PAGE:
“Blues Helping” by Love Sculpture (1968)
The British blues boom probably reached its apex in 1968, with stellar offerings such as Jeff Beck’s “Truth,” Free’s “Tons of Sobs,” the Groundhogs’ “Scratching the Surface,” John Mayall’s “Bare Wires” and “Blues from Laurel Canyon,” Ten Years After’s “Undead” and Fleetwood Mac’s “Fleetwood Mac” and “Mr. Wonderful.”
Even John Lennon got in on the act, with the Beatles’ “Yer Blues.” And John Bonham, John Paul Jones, Jimmy Page and Robert Plant recorded the tracks for their debut album in October, even though “Led Zeppelin” wasn’t released until 1969.
Amid the spate of blues-rock recordings was “Blues Helping,” the debut by a Welsh trio called Love Sculpture. The band scored a U.k. hit that same year with a rock version of Khachaturian’s “Sabre Dance,” which brought the guitar work of Dave Edmunds into the national spotlight.
“Blues Helping” is exactly what the title implies, starting with a scorching version of “The Stumble,” during which Edmunds keeps up note-for-note with the song’s composer, the legendary Freddie King (as referenced in Grand Funk Railroad’s “We’re An American Band.”)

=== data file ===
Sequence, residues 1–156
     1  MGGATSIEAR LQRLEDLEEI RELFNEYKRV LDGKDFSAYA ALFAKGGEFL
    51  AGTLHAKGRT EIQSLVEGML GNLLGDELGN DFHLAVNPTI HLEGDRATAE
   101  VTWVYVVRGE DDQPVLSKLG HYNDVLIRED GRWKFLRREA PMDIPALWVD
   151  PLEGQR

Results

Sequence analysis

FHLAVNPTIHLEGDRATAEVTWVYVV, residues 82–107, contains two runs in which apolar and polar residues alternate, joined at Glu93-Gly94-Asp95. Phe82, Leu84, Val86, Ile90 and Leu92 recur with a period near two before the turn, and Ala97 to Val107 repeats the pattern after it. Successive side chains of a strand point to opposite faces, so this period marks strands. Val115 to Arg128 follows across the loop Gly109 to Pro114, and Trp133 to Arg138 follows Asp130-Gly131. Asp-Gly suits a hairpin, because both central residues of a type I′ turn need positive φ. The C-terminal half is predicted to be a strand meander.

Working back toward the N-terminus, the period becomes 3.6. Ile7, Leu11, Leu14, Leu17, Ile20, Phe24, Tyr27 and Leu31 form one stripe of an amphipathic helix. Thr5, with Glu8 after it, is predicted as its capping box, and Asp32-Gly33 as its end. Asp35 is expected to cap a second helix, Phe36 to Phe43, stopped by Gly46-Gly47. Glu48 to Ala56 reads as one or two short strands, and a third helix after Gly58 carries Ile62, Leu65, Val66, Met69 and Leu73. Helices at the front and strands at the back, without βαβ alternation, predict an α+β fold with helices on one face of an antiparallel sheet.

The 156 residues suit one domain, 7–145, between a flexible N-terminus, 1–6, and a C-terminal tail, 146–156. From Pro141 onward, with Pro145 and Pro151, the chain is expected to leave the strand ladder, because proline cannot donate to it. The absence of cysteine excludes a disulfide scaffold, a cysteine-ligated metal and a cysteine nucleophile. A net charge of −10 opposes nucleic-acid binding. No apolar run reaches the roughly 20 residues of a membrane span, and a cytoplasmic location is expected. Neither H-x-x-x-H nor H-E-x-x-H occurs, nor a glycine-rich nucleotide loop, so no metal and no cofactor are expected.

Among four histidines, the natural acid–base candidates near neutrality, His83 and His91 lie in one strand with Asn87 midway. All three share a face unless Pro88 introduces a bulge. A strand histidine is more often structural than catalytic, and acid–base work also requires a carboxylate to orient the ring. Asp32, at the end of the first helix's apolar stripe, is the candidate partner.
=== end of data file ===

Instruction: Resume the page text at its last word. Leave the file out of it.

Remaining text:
Edumnds, bass player John Williams and drummer Bob “Congo” Jones rip through a set of familiar blues and R&B numbers by the likes of Ray Charles, B.B. King, Willie Dixon and Slim Harpo.
Also included is a reading of the oft-covered “Summertime” from “Porgy and Bess,” featuring Edmunds playing a particularly stinging bridge. And in the elongated “Don’t Answer the Door,” Edmunds channels the macho attitude of a true bluesman, commanding his woman to keep her mother, sister and doctor away from the house “when I’m not at home.”
The album closes with the title track, a basic blues improvisation that wraps up proceedings on a genre-suitable note.
Edmunds went on to solo success and at one point teamed with former Brinsley Schwarz bass player for a supergroup of sorts, Rockpile. He’s played some tremendous guitar, but never quite in the same vein as on “Blues Helping.”